When Frederick Richard Simms and Charles Harrington Moore, two of Britain’s earliest motoring enthusiasts, decided to create a society dedicated to the horseless carriage, they already had a model on which to base their organisation. Indeed, the very constitution of what for the first ten years of its life was The Automobile Club of Great Britain (Ireland was added subsequently) was borrowed en masse from the French equivalent, translated and adapted by Simms and Moore. The formal inauguration of the club took place on December 8, 1897.
It was not until 1907 that motoring aficionado Edward VII gave the royal command that saw the name change to The Royal Automobile Club.
The Automobile Club of Great Britain and Ireland had its initial headquarters at 4, Whitehall Court, a prestigious enough location, but improved on when a move was made to 119, Piccadilly in 1902. Five years later the club bought the old War Office building in Pall Mall, where it has its town base still, although revamping the place took another four years.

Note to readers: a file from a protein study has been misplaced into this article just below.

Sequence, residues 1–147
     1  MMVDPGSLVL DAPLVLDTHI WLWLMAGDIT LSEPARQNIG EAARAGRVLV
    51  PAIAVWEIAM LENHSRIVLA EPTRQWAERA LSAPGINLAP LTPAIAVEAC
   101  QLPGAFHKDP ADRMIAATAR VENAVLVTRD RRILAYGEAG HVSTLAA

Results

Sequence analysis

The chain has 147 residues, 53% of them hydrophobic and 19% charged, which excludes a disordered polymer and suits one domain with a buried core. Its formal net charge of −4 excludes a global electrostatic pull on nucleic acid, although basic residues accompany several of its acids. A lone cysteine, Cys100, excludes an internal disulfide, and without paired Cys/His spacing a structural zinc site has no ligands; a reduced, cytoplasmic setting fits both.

For the ordinary motorist in Great Britain and Ireland the RAC had a great impact over the years. In 1901 it introduced patrolmen in their distinctive uniforms to assist the driver in difficulty. This service was developed further by the club when it had the first roadside emergency phone boxes set up in 1912. It also lobbied strongly to have speed limits raised, as they were in the 1903 Motor Act.
At the turn of the century motor vehicles were still a rarity in many rural areas, and the club spread the word about the possibilities of the new fangled machines through an endurance race, the 1,000 Miles Trial in April 1900.
And in motor sport (of which the club became the governing body in the UK) they arranged the first Tourist Trophy race in 1905, the oldest such event still run, as well as organising the first British Grand Prix in 1926. The club that had blatantly copied the French model when it was first established had become a great innovator in its own right.
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